As I have said many times. I am never talking down to anyone. I know most of what I write as I have had the problems as well.




  1. banchiline

    Another good one Monte . I have a question .

    Your quote…….” If you make a good shoulder turn and your arms work properly with the shoulder turn, the body will work together in sync and the club will attack the ball at the proper angle.”

    In your opinion what do the arms have to do to work “properly with the shoulder turn” ?

  2. Calvin D


    Did you get video of that session? If not you’d better get it while you’ve “got it”.

    An aside: You have helped my game immensely, especially the inside and lift, and the inside and
    over the top videos where I saw myself clearly in both cases. Tough habits to break but I started trying to take it back a little above the plane (weird feeling at first) and suddenly I’m playing actual golf.

  3. s.

    Here’s what I like about this post. Everything:

    “BS mainstream golf techno garbage:

    “1) Too much control in my arms and hands, manipulating the club into positions, and trying to consciously sequence body moves.

    “2) Restricting hip turn is balderdash. I need to free myself up. ”


    I’ll tell you one way I freed myself up. A long time ago, Rocky Thompson was doing a mini-lesson for Golf Channel. He began talking about the golfing great George Knudson, a past PGA Tour pro from Canada. I remember seeing Knudson play only once–when he won on Shell’s Wonderful World. Knudson had a somewhat unique swing, but it featured a lot of free hip-turn (NOT by thinking about turning hips.)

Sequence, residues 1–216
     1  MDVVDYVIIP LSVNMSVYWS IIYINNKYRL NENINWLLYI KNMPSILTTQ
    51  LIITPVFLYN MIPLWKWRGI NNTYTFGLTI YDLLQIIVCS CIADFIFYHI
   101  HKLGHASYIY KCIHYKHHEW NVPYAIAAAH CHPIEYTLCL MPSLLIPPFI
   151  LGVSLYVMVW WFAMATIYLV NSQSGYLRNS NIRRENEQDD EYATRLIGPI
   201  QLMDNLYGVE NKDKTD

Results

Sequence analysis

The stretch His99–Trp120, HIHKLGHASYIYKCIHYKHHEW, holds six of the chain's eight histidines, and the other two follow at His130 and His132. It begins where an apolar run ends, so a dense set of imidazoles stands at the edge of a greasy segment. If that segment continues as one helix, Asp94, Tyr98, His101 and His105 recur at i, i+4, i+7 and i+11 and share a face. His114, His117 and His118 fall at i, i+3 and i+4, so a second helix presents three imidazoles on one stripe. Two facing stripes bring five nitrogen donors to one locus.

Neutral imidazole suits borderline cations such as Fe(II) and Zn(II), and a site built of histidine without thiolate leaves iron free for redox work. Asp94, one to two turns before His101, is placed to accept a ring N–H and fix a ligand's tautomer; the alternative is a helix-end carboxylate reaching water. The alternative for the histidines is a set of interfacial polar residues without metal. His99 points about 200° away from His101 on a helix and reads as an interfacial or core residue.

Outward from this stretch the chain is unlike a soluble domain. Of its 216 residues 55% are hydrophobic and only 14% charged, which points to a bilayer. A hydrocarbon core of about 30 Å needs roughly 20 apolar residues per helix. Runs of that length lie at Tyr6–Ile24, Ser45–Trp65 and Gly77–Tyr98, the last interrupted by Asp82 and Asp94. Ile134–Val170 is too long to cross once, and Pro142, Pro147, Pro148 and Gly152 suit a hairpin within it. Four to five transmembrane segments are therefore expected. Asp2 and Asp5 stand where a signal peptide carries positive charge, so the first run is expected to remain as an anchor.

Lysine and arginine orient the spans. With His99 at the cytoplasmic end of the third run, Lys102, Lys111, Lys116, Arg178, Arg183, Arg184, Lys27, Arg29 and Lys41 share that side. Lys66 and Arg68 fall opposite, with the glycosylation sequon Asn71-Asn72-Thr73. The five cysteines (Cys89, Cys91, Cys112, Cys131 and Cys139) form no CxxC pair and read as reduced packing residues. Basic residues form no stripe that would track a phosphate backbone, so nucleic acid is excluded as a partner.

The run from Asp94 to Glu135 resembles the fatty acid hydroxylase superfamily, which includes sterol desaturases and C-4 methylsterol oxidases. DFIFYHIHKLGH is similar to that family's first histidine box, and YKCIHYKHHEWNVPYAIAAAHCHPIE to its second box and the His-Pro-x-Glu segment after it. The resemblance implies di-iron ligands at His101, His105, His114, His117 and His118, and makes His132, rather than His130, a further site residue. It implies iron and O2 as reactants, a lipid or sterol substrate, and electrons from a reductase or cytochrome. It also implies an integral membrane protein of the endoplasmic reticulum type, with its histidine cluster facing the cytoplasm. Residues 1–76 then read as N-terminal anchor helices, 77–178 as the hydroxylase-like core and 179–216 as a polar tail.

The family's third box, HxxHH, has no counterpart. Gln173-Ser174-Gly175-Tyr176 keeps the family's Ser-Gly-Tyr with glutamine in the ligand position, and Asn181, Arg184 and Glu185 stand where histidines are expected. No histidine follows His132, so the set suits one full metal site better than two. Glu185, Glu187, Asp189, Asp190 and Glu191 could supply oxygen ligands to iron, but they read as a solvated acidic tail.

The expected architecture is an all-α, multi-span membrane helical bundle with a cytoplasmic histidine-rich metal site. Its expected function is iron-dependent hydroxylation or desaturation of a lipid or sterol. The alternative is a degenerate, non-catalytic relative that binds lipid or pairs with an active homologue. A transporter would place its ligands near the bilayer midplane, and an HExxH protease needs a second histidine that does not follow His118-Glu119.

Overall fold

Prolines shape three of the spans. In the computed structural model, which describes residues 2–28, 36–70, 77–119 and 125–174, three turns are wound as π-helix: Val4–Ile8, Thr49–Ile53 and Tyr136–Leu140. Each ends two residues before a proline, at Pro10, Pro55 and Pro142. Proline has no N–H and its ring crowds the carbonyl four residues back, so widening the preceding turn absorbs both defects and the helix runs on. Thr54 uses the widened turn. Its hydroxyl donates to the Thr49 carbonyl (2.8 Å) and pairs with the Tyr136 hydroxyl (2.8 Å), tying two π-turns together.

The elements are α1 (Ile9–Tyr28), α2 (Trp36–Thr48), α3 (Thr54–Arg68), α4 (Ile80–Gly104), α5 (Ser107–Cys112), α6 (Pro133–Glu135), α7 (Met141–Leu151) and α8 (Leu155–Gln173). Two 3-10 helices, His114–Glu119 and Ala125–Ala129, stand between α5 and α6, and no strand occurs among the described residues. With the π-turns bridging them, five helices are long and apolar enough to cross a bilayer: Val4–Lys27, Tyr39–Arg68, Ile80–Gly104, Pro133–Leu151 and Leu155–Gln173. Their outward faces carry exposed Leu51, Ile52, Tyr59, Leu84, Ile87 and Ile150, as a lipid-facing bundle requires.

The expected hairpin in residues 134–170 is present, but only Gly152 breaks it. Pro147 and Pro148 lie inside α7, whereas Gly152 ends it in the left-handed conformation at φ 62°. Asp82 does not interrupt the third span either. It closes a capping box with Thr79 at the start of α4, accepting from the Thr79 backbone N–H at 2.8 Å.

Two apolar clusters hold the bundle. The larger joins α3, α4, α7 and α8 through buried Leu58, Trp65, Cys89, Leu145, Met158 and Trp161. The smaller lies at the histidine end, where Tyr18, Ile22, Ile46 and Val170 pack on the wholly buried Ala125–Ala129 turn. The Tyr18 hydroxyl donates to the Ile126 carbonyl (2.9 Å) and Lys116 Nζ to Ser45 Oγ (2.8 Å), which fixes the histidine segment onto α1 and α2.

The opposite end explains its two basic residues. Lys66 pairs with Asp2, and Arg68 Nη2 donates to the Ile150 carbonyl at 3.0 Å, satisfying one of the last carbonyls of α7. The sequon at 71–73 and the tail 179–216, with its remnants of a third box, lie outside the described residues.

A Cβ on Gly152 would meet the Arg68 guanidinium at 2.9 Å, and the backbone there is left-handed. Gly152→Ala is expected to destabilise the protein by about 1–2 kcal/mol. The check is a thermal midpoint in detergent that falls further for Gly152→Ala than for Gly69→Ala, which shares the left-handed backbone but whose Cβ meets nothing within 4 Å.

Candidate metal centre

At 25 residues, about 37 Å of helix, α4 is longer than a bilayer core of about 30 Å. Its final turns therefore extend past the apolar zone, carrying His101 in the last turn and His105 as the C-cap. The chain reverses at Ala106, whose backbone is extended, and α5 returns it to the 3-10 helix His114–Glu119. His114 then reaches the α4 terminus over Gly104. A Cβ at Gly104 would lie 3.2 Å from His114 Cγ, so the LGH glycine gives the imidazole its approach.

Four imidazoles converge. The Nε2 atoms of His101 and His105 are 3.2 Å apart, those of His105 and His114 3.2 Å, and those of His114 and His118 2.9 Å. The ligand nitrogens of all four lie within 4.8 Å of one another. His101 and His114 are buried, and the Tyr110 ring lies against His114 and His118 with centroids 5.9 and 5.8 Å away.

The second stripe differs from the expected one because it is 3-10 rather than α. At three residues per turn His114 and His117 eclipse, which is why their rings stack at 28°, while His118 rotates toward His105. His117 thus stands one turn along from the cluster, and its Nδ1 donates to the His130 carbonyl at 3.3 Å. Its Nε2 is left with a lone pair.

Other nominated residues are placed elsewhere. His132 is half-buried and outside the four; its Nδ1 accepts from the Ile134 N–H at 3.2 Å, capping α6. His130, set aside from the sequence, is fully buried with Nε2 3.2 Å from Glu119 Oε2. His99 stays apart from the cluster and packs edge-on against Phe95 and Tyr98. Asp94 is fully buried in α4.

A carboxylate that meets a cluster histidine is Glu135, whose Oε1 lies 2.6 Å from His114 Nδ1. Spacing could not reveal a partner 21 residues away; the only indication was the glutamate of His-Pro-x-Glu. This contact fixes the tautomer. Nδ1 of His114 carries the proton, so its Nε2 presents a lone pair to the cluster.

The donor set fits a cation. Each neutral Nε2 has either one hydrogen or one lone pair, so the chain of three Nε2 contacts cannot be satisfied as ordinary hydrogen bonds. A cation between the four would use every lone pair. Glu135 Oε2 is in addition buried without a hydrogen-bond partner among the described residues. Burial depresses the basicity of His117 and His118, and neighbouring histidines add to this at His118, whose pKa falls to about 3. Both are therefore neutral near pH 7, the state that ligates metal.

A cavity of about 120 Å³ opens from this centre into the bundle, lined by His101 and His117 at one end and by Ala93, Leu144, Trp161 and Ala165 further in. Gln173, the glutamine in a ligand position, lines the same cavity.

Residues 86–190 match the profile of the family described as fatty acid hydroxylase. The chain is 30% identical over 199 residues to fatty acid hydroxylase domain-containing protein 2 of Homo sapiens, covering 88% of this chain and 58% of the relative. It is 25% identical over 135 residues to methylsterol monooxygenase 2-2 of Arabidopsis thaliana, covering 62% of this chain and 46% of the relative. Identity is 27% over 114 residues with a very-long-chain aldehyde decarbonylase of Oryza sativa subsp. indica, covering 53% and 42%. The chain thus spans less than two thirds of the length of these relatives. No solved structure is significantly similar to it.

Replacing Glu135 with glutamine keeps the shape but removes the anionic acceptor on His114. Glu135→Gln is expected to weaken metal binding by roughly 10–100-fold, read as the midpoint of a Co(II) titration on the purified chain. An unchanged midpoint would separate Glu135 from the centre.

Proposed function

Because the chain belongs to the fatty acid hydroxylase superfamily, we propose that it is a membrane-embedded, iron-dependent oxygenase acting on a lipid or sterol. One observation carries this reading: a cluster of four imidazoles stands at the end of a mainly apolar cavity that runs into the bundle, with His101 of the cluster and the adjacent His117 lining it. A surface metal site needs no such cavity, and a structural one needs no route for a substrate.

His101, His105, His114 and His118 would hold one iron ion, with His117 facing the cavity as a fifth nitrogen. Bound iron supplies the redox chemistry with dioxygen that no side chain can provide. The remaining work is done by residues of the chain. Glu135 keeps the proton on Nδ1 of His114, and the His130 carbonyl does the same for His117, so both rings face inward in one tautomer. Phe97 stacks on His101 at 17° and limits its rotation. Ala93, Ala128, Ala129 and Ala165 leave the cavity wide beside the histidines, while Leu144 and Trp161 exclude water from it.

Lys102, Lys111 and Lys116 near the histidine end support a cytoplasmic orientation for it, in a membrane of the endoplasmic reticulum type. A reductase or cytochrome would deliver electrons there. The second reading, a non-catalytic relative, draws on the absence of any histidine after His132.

Anyway, Rocky continues that all George Knudson ever said about the swing was Right-Heel-Left-Toe. It finally dawned on me that Knudson was setting up with RHLT as his backswing balance. Your friend Pavlet has said that all he ever thinks about is staying balanced.

    Now, if I set up thinking RHLT, and if I make a real swing without trying to manipulate anything at all, my swing is going on the inside path, and I am also getting out of my own way on the backswing. And, with that balance, I’m ready to go forward with the downswing.

    And, I found out that it works with chips too. As a result, the only thing I ever have to think about with my lower body is RHLT, and I’m DONE. (On the downswing, the balance reverses, but it happens too quickly to think about.)

    Then, all I have to do is making a real SWING without trying to manipulate body parts–just like you said.

  4. s.


    With Right-Heel-Left-Toe, it threw me off for a while wondering if Knudson was talking about a “particular” toe. Actually, “toe” is just everything forward of the instep, the ftont part of the foot.

  5. s.


    I’ll try to embed a George Knudson clip:


    • Steve Bishop

      Heh. This video is a great find.

      I have been saying for years that there is a pivot point in the back-swing and a pivot point in the front swing. It’s great to see someone from long ago who is recognized as a great player and teacher who essentially is saying the exact same thing counter the this recent “Hooey” regarding hip turn.

      Turn around a stable right leg, then shift forward with the lower body to get the left leg planted, and turn around a stable left leg. It’s not hard really. People “stupidify” it all the time. If you can walk you should be able to make this move.

    • Steve Bishop

      Also, notice how his front foot stays FLAT on the ground for the finish.

  6. Walter Nizza

    Hey Monty thats right out of Ben Hogans FIVE LESSONS WRITTEN in 1957